nerc.ac.uk

Behaviour influences larval dispersal in shelf sea gyres: Nephrops norvegicus in the Irish Sea

Phelps, Jack J.C.; Polton, Jeff A.; Souza, Alejandro J.; Robinson, Leonie A. 2015 Behaviour influences larval dispersal in shelf sea gyres: Nephrops norvegicus in the Irish Sea. Marine Ecology Progress Series, 518. 177-191. 10.3354/meps11040

Before downloading, please read NORA policies.
[img]
Preview
Text (Open Access paper)
m518p177.pdf - Published Version
Available under License Creative Commons Attribution.

Download (2MB) | Preview

Abstract/Summary

The western Irish Sea seasonal gyre is widely believed to play an important role in the local retention of resident larvae. This mechanism could be particularly crucial for the larvae of the heavily fished crustacean Nephrops norvegicus (L.), as their sediment requirements highly restrict where they are able to settle. As recent research suggests that the gyre may be becoming less retentive due to changes in atmospheric forcing, it is now crucial to understand how the gyre influences dispersal. This investigation addresses the hypothesis that shelf sea gyres reinforce larval retention using a biophysical model with vertical migration, habitat selection and temperature-dependent pelagic larval duration (PLD) configured to match the behaviour of N. norvegicus larvae. The results of this study suggest that the gyre does increase the likelihood that passive larvae remain within the western Irish Sea, on the condition that the larvae remain fixed at the depth of peak gyral flow. Retention rates are significantly lower when vertical migration is introduced, and there is no evidence that the gyre promotes larval retention amongst either vertically migrating larvae, or larvae that require muddy sediments for successful settlement. By contrast, vertical migration is shown to be favourable for retention in the eastern Irish Sea. PLD varies by a factor of two according to release date and location. The simulations suggest that whilst some highly limited and almost entirely unidirectional larval exchange may occur, the distinct sites largely rely upon local recruitment.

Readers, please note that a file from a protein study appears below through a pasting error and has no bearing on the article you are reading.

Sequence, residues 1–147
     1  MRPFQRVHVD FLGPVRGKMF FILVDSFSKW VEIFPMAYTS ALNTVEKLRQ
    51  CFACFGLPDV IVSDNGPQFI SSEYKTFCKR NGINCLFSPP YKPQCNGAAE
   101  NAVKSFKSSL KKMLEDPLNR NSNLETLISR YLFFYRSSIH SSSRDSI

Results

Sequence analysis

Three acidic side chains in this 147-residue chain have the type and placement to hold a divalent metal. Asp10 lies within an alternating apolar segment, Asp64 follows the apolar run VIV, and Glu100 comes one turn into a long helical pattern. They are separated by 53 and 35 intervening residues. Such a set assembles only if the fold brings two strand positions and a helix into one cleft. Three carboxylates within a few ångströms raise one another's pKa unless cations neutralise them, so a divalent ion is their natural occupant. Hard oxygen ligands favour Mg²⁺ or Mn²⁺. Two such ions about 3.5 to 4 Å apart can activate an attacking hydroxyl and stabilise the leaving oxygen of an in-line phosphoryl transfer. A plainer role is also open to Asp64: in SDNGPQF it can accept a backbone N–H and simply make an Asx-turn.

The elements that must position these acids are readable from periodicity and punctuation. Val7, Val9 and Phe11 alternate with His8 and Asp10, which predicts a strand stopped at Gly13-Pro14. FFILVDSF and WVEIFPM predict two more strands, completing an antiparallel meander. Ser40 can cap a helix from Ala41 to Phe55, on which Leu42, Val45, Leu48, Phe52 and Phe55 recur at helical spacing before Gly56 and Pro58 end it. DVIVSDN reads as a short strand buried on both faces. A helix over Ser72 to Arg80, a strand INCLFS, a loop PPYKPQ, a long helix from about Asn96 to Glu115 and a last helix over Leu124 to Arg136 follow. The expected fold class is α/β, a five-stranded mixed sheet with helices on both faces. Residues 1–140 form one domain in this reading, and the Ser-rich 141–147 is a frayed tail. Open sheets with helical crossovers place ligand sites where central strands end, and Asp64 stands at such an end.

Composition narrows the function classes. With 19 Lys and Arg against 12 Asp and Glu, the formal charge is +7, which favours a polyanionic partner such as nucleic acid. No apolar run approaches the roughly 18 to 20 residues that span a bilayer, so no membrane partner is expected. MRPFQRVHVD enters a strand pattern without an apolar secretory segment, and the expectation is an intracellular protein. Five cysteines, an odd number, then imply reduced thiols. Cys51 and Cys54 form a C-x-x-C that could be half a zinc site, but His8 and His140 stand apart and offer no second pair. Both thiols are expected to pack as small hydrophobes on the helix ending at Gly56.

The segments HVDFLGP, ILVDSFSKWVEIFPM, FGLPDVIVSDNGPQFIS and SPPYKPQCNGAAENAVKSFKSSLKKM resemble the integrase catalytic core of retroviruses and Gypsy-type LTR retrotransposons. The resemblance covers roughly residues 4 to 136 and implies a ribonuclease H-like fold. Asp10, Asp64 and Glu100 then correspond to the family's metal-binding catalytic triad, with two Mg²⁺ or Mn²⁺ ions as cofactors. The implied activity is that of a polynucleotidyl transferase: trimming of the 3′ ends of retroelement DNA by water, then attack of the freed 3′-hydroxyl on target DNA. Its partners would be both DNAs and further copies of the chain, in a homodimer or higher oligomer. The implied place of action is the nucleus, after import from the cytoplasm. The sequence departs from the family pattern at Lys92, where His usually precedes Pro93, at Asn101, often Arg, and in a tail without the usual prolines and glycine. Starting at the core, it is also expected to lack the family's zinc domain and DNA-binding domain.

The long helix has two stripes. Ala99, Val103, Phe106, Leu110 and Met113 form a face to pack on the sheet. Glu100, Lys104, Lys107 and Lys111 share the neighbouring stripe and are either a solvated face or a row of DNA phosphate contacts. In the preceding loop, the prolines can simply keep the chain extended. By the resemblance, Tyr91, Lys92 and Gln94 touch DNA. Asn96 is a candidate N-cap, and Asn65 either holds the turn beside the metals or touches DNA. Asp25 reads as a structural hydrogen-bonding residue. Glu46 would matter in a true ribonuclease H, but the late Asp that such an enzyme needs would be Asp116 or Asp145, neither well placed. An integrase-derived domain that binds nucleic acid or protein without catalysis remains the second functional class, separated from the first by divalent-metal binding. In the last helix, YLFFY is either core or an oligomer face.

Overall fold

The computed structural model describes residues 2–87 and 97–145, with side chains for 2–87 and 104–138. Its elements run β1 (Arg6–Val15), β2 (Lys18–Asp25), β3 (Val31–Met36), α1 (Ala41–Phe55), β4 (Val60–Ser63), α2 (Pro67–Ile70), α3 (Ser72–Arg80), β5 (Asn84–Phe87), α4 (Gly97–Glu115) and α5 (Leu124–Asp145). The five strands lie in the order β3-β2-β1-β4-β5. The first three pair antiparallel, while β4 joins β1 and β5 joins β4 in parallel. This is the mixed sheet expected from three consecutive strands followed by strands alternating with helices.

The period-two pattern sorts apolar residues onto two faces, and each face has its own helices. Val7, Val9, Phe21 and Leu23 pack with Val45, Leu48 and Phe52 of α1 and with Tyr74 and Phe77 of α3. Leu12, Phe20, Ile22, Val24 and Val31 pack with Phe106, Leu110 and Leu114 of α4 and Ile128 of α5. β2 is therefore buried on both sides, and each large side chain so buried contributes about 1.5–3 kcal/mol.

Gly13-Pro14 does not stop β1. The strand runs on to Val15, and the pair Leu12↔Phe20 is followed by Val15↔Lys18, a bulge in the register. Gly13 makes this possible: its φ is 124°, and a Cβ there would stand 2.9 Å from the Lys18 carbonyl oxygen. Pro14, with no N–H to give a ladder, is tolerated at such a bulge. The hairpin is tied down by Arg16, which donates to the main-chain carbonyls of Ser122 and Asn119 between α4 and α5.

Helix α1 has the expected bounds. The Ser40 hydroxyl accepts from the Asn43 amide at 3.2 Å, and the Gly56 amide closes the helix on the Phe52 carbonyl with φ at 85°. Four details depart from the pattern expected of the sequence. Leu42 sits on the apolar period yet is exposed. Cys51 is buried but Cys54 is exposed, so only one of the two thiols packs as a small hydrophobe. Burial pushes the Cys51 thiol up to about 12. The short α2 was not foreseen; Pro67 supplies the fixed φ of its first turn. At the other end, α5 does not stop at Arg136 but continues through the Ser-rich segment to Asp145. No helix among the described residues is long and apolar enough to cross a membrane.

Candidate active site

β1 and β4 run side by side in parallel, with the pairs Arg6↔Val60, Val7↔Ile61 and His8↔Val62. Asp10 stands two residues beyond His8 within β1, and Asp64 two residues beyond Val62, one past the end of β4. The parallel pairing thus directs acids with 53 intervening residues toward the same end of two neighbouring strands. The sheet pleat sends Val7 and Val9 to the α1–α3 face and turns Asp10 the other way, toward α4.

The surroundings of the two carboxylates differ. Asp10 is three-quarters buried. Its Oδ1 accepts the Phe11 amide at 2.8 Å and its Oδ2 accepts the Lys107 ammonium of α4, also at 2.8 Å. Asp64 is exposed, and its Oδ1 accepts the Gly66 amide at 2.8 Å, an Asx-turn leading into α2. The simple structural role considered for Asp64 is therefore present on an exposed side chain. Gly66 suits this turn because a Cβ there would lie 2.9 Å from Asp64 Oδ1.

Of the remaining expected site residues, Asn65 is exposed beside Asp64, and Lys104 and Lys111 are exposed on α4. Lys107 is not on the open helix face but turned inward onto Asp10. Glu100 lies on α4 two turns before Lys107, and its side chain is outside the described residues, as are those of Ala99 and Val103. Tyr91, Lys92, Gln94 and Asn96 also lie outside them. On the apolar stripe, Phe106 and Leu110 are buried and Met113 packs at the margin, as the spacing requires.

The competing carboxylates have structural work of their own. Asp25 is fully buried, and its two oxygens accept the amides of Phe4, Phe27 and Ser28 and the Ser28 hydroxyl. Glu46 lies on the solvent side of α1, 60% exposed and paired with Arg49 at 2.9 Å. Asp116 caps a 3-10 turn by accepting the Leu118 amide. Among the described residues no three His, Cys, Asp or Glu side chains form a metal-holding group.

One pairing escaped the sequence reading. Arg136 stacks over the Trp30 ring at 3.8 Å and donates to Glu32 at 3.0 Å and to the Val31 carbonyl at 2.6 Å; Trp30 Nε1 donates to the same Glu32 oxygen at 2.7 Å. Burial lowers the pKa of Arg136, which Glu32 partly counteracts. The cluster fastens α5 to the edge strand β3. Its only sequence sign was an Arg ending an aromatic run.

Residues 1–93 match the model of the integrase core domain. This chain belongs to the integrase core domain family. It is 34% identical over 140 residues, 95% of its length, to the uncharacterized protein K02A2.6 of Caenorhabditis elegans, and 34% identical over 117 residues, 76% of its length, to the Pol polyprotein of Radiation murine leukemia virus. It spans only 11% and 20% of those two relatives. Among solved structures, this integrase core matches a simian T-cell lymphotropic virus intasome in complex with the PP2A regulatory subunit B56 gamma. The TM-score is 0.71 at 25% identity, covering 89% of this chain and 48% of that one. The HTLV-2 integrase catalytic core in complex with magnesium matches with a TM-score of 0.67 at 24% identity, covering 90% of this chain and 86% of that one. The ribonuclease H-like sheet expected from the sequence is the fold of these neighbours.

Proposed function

Item Type: Publication - Article
Digital Object Identifier (DOI): 10.3354/meps11040
ISSN: 0171-8630
Date made live: 04 Sep 2014 16:20 +0 (UTC)
URI: http://nora.nerc.ac.uk/id/eprint/508313

Actions (login required)

View Item View Item

Document Downloads

Downloads for past 30 days

Downloads per month over past year

More statistics for this item...